Activists from Kentucky and across the US met in Washington, DC, this week to highlight the intersections between environmental justice issues and the prison-industrial complex, and to protest plans for the construction of a new federal prison at a mountaintop-removal coal mining site that they say will impact the health of incarcerated people and endangered species.
The Bureau of Prisons (BOP) plans to allocate $444 million in federal money to construct a new maximum-security prison at a 700-acre site in Roxana, in the Appalachian Mountains of eastern Kentucky. The location is the site of a former mountaintop-removal coal mine and constitutes habitat for scores of endangered species. Mountaintop-removal mining involves exploding and flattening the tops of mountains to expose underlying coal seams, and has long polluted regional waterways. Appalachian communities living adjacent to such sites have been known to have poorer mental and physical health than others in the region.
A prior review of an environmental analysis of the Letcher County prison by Truthout and the Human Rights Defense Center (HRDC) showed that while the BOP has considered potential impacts on several endangered species, they haven’t considered what impacts the location’s former coal mines may have on the health of the estimated 1,200 people who will be incarcerated there if the prison is constructed.
US Rep. Hal Rogers of Kentucky has worked with the BOP to move the prison’s construction forward. If built, the prison would become the fourth new federal prison in eastern Kentucky, and the sixth in the Central Appalachian region, which has undergone a boom in prison growth as the coal industry has experienced decline.
Local Kentucky activists with the Letcher Governance Project (LGP) joined members of the HRDC’s Prison Ecology Project (PEP) and grassroots social and environmental justice activists from across the US in the nation’s capitol to challenge the construction of the Letcher County prison on economic, racial and environmental justice grounds. They rallied in front of the BOP and Department of Justice headquarters in DC.
They point to a long history in which the federal agencies have greenlit the construction of prisons on polluted sites, including old coal mines and dump sites for toxic waste, threatening the health of the prisoners and staff who work there.
As Coal Declines, Kentucky Activists’ Fight Turn Toward Prisons
Prison construction has been presented as a supposed pathway to economic growth and innovation in eastern Kentucky, but activists say this portrayal is false and damaging. Last week, organizers with the LGP demonstrated at a local summit focused on job creation and economic development in the Appalachian region, unfurling a banner that read “Prisons Are Not Innovation” during Rep. Rogers’ opening speech.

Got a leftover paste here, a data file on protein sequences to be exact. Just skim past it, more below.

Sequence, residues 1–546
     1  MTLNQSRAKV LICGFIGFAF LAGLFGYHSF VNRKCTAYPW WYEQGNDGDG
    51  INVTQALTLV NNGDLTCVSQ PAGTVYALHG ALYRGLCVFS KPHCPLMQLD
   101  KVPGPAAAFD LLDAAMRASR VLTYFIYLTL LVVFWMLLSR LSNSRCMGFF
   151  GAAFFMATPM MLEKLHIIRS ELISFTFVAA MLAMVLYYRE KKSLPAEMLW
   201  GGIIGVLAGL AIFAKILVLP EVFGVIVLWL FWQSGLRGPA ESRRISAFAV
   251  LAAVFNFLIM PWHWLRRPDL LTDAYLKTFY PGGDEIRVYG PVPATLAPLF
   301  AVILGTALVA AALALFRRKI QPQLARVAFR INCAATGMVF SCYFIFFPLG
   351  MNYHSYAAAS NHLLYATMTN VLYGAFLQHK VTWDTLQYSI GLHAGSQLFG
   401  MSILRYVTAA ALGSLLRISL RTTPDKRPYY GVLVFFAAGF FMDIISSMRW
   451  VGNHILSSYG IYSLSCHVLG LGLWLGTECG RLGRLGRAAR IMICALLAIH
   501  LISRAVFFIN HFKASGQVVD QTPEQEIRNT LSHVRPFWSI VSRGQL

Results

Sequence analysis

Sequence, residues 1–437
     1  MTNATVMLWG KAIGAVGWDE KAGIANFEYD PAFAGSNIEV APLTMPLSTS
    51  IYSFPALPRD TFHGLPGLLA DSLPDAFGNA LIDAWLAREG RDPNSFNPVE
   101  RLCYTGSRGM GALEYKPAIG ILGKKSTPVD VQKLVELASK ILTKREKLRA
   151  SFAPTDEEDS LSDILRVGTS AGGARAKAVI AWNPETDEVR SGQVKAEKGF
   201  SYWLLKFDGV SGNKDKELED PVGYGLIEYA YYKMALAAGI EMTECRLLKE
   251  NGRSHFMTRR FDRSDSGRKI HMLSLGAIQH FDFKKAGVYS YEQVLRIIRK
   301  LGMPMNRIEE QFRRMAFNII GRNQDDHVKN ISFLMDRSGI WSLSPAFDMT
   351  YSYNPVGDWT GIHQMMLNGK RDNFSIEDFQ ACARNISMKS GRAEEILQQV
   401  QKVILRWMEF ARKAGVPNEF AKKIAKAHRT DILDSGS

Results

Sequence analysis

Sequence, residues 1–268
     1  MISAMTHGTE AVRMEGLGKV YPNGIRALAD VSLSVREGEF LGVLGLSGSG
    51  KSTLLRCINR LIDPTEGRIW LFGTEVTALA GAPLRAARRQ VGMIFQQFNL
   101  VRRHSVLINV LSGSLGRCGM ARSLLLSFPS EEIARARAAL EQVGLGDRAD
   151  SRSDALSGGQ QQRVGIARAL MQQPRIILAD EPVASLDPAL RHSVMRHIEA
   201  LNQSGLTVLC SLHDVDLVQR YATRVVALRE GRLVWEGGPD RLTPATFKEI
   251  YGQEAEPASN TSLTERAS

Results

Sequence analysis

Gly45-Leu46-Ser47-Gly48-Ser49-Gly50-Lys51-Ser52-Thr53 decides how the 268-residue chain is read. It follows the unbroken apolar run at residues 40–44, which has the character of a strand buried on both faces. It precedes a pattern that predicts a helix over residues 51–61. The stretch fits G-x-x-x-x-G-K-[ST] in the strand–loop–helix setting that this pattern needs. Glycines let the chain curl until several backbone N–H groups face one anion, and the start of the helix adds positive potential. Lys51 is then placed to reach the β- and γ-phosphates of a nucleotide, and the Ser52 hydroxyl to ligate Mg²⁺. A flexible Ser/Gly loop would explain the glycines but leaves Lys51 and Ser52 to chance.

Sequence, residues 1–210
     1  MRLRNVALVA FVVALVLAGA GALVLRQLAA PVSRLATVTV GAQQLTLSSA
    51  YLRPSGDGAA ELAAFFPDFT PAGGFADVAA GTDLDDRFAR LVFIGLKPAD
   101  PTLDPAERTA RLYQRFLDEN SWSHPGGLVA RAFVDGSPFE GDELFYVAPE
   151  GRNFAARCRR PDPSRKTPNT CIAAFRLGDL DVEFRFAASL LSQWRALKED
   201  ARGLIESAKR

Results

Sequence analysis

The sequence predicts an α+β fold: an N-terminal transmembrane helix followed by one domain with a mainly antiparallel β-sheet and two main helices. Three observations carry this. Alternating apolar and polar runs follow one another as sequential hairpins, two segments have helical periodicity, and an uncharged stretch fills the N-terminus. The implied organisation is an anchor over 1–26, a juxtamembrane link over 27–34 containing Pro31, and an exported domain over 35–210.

“Why does [Representative Rogers] get to decide how federal tax dollars are spent?” asked Sarah Estep, a member of LGP. “It should be more democratic in how money is spent. We need real investments in real solutions, not a prison.”
Estep argues that even though the BOP has said the Letcher County prison will create about 300 new full-time jobs, previous prisons constructed in McCreary, Clay and Martin counties that were also estimated to create about the same number of jobs ended up employing only a small number of local residents because the majority of those hired were transferred in from elsewhere. As a result, Estep says, eastern Kentucky counties with new federal prisons still remain some of the poorest counties in the nation.
To challenge the idea that the prison will spur economic growth and create jobs in Letcher county, the LGP launched a social media campaign and hashtag #our444million for eastern Kentuckians to share their ideas for what projects and enterprises they would want to invest $444 million in other than a prison.
“We wanted to open this up to the community, and think bigger picture about what is possible in our community. If we don’t want a prison, what do we want?” asked another LGP activist, Elizabeth Sanders, who also co-manages a local radio station in Kentucky. “We want to be able to push back [against the prison], but also continue to build in terms of the framework.”
Pressure Mounts on the EPA to Take Action at Federal Prisons
In addition to calling for a just economic transition from coal mining in eastern Kentucky, LGP activists joined with the PEP to take their environmental justice concerns to representatives of the Environmental Protection Agency (EPA) on Friday, June 10, asking EPA officials to more stringently enforce environmental violations at federal prisons, and to count prison populations in its environmental justice guidelines.
Many federal environmental justice policies have their origin in an executive order former President Bill Clinton issued in 1994 that required all federal agencies to weigh the environmental and health impacts of their actions, especially on marginalized communities such as low-income communities and communities of color.
But activists have charged that federal agencies’ environmental justice rhetoric is nothing but empty talk. Those agencies have rarely worked to incorporate feedback from the most vulnerable communities they affect, activists say. In fact, the opposite may be true. The trend during the past two decades has been a pattern of disregarding the interests of marginalized populations and permitting toxic industries — including prisons — to operate largely in communities that are poor or predominantly of color, disproportionately exposing those populations to industrial pollution.